Financial sector: Mastercard manager Ann Cairns: too few women occupy top positions
Frankfurt The banking world is changing due to new competitors: so-called smartphone banks like N26 from Berlin are winning customers on a large scale and are thus challenging the established credit institutions. But on one point everything seems to stay the same: The top positions at these smartphone banks are - as with traditional banks - mostly filled with men, said Ann Cairns, Vice Chairman of the US credit card provider Mastercard, at the banking summit of the Handelsblatt.
The new banks are still largely male, Cairns said. It is fundamentally not right if women only fill a small part of the top corporate bodies. The Mastercard manager is involved in the 30% Club initiative, which works in several countries to ensure that more women find their way into top positions. In the companies in the British stock index FTSE 100, 32 percent of board positions are now filled by women, according to Cairns.
Mastercard is not only a credit card provider, but also an internationally important player in payment transactions. With its Maestro system, the company ensures that you can also pay abroad with bank cards.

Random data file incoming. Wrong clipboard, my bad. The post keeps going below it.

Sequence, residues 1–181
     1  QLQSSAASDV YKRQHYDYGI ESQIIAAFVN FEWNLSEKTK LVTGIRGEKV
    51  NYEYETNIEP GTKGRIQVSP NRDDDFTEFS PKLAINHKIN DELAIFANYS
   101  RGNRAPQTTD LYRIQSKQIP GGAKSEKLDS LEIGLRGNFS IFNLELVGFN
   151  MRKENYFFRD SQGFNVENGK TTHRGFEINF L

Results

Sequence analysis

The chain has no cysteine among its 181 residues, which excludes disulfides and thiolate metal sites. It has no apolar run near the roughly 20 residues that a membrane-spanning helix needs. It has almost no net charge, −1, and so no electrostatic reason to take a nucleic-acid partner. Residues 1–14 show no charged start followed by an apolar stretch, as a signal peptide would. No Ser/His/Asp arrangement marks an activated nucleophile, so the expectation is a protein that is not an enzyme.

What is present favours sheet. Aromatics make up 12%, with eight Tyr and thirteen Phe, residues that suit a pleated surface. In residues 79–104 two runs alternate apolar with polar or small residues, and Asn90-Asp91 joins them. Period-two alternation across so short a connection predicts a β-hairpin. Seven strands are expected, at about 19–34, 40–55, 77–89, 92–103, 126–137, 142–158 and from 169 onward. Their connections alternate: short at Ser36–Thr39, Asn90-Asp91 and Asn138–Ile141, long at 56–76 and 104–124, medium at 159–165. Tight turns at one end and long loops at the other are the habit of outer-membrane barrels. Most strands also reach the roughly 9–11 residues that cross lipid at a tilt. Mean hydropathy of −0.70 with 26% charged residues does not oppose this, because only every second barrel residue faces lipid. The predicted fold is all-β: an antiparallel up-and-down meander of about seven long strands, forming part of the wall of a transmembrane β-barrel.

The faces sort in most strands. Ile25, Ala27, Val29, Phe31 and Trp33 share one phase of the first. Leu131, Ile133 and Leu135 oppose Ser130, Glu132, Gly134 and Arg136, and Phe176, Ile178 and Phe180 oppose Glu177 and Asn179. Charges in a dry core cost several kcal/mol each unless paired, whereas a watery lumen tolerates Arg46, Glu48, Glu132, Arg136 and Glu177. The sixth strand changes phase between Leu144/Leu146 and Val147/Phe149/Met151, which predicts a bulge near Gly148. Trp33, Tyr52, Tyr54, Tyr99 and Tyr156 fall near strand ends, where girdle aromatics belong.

From Cairns' point of view, the most important recent development in payment transactions is contactless payment. "It looks like a small change, but it changed everything," said the Mastercard manager. When making contactless payments, you hold the EC card, which is officially called Girocard today, or the credit card briefly at the cash register terminal, which is no longer necessary to insert it. The data is transmitted by radio. Contactless payment has also been possible in Germany for some time and is becoming increasingly popular. Payment by smartphone is based on the same technology.
Mastercard is increasingly focusing on real-time payments. The group buys a corresponding division from the Danish company Nets for almost three billion euros, as was announced a month ago. In Scandinavia, Mastercard is developing an infrastructure for cross-border real-time payments together with banks.
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